Goal Setting: Categorize and Prioritize Your Life Goals
Creating categories for your goals and establishing timeframes to achieve them sharpens your focus and increases your intensity, which can reduce the time required to achieve your goals. It also allows you to quickly and easily see whether your time investment to the various areas of your life as well as the size and difficulty of your goals are appropriately balanced.
The objective isn’t to spread an equal number and depth of goals among the six categories; the aim is to identify whether one or two of the categories is light compared to the others and to determine whether you need to pay more attention to those areas of your life to develop them. In the end, the purpose is to create a well-rounded system of goals that addresses your whole person and that you’ll have the motivation to actually work toward.
Categorize your goals
After you assign a timeframe to each of your 50 goals, your next step is to assign a category to each one. Typically, your goals fall into one of six categories:
C = Career goals
H = Health goals
F = Family goals
M = Money/financial goals
S = Spiritual goals
P = Personal goals
When determining which category each goal falls under, you’ll find that some goals fall naturally in one specific category. A goal to get be promoted to supervisor at work, for example, is an easy C. Other goals, however, aren’t so easy to peg. Going back to school to earn an MBA may be a C for career, but it also may be a P for personal. Place the goal in whichever category you most closely associate with it, or feel free to place some goals in multiple categories.
Draft a list of the 50 goals you want to achieve in the next ten years. Then go back through your list of 50 goals and write the appropriate category letter next to each one. After you label each goal with a category, count the total number of goals you have for each category and record those numbers in the following chart. Then assess the spread of your goals across those categories to see whether they’re well balanced. Are you light on health goals? Should you pay more attention to your spiritual life?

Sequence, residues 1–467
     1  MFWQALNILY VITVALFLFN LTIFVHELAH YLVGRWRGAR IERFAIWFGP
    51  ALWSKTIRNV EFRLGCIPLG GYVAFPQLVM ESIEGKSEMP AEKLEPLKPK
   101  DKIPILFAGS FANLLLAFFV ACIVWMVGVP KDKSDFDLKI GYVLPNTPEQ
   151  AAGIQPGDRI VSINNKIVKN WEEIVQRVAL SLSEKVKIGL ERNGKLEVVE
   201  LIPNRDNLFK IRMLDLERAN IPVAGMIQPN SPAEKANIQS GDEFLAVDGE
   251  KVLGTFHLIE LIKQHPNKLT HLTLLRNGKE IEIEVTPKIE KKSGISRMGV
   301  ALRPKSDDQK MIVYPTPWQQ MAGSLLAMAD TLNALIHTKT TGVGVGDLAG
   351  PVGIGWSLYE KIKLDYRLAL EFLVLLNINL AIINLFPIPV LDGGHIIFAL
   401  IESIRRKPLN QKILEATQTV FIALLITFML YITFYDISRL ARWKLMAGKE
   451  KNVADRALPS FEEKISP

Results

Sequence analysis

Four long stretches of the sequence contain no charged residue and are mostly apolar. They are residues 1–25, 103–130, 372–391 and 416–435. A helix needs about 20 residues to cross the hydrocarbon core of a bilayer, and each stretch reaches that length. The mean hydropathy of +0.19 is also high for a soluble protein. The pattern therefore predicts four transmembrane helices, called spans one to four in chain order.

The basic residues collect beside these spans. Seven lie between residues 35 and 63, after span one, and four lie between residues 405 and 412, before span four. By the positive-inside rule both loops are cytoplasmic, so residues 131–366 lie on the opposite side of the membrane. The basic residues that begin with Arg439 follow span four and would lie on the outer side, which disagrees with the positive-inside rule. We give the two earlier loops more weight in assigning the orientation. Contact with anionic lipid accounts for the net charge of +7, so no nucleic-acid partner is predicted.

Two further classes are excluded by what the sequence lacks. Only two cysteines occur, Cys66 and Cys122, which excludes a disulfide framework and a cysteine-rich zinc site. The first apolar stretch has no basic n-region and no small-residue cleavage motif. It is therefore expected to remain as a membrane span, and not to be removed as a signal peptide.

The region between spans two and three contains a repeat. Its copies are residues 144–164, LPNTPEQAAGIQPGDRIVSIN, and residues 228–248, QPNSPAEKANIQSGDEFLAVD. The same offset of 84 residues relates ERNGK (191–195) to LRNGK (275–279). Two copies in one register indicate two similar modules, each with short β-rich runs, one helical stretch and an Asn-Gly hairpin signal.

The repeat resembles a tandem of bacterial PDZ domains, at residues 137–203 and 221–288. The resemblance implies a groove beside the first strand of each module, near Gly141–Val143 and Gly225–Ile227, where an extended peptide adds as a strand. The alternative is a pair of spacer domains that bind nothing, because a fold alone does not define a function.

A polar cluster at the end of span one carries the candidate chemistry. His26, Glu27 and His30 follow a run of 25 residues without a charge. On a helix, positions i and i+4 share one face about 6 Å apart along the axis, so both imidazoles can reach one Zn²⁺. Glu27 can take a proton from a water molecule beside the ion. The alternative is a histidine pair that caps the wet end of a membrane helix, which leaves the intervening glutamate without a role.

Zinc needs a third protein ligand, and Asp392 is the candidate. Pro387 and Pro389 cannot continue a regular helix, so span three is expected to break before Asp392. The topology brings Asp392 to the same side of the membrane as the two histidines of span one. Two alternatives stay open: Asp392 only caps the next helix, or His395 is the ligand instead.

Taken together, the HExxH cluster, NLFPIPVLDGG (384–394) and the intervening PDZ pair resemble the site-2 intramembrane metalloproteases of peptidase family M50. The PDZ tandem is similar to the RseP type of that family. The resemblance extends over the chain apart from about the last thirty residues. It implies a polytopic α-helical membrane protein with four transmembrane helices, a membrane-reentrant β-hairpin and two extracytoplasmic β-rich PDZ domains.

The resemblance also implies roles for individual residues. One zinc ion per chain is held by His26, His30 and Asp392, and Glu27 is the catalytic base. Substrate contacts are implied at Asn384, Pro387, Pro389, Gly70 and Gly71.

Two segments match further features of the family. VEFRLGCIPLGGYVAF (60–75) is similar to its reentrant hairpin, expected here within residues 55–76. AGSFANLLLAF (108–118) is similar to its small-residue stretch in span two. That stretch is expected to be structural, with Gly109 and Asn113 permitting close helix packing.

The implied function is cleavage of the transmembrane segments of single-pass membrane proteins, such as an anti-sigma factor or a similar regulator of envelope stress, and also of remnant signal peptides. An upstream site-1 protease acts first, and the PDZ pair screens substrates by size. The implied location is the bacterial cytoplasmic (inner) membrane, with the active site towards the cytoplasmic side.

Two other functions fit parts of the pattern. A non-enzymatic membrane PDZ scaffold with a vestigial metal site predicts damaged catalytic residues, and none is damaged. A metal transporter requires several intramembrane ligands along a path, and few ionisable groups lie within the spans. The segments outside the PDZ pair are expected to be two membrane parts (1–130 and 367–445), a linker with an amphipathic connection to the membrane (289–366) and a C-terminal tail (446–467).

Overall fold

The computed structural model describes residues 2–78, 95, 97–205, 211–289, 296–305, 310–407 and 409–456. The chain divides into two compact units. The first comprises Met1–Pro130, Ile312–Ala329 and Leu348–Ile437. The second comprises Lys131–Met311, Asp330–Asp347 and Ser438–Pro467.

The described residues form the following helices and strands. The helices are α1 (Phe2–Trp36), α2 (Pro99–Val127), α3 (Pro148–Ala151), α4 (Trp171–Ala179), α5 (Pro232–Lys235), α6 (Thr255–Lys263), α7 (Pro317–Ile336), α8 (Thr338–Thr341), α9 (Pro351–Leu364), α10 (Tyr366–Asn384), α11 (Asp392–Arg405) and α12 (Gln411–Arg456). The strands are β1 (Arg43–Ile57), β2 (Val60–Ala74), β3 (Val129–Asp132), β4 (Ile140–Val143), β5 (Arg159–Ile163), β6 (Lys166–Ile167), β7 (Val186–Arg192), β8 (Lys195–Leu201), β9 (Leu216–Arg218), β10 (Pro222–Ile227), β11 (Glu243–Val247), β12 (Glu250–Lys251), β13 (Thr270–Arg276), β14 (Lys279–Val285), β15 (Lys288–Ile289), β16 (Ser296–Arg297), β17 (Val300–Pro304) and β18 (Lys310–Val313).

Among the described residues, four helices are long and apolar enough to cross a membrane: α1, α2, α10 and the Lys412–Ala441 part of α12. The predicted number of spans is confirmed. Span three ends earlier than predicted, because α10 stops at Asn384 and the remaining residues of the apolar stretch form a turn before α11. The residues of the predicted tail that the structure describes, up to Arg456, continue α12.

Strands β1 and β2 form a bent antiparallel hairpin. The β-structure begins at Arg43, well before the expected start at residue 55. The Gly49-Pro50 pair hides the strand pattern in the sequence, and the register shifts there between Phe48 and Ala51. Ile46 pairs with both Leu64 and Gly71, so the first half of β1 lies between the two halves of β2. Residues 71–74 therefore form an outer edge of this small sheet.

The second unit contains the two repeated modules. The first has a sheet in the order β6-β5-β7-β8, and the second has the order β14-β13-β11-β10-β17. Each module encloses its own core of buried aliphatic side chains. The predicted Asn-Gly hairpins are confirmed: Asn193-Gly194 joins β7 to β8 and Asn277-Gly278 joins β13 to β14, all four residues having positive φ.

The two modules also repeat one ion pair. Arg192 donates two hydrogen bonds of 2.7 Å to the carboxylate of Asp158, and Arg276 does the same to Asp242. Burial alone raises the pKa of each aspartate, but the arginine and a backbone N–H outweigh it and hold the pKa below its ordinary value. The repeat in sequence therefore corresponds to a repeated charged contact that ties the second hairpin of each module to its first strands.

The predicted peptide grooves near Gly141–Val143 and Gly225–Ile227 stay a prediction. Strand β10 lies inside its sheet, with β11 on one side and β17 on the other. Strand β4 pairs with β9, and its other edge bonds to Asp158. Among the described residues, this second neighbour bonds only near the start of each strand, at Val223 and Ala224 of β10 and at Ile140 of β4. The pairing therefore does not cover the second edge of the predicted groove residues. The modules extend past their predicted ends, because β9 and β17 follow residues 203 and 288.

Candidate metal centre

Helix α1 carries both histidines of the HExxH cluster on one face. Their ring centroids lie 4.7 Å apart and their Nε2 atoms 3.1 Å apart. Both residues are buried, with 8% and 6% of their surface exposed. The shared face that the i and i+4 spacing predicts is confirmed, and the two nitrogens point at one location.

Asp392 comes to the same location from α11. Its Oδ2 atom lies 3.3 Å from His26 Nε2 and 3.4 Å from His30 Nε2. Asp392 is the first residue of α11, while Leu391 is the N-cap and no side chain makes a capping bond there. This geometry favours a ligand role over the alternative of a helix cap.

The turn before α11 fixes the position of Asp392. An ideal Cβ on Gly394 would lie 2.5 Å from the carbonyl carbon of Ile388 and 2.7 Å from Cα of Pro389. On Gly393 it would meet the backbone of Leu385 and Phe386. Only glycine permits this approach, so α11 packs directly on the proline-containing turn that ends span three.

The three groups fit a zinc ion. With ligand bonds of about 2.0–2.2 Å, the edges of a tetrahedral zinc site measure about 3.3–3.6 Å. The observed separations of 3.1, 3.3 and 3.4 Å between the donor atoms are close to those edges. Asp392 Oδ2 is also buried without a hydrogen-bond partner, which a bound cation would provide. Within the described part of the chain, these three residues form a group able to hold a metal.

Assign a timeframe to each goal
You can have anything you want; you just can’t have it all at once and all right now. Just because you establish a goal to lose 20 pounds doesn’t mean you’ll wake up tomorrow with 20 pounds missing from your body. Realizing your goal involves a process that requires specific activity and time.
Remember that your fabulous 50 list names goals that you want to accomplish within the next 10 years. That said, you may want to see some of them come to fruition much earlier. Some may be immediate — just a year away. Others may require you to first achieve some intermediate goals. For instance, say your goal is to double your income within 3 years. You know you’re unlikely to receive anywhere close to a 100-percent raise at your current job, so you start exploring other options: a new job that pays more and has a fast-track career path, a second job, freelance or contract projects that you can do on your off-hours, or a real-estate investment that brings in rental income.
Go back through your list of 50 goals and write a 1, 3, 5, or 10 next to each goal to indicate whether you want to achieve that goal within 1, 3, 5, or 10 years.
When you start thinking about the time you need to attain your goals, make sure you’re being reasonable. Whether or not the timeframe for your goals is reasonable depends entirely on your situation. To help you stay on track, follow these steps:
- Consider the timeframe you’d ideally like to accomplish this goal. Would you be happy if you accomplished it one year or even three years later than your ideal, or are you intent on accomplishing it by a certain time?
- Assess the complexity of the goal.
- Determine what new knowledge or other resources you may need to accomplish the goal.
- Consider what timeframe someone else needed to accomplish a similar goal.
After you label each goal with a timeframe, tally up the number of goals you have for each time slot and record those totals in the following table. Then assess the spread of your goals across those timeframes to see whether they’re well balanced.
Especially when finances are involved, keep in mind that you should enjoy the process of working toward your goals. Although planning for the future is important, you’re guaranteed only the present. You don’t want to rob yourself of all enjoyment now. Better to live a balanced life while you implement your plan and adjust it as needed when circumstances throw you for a loop.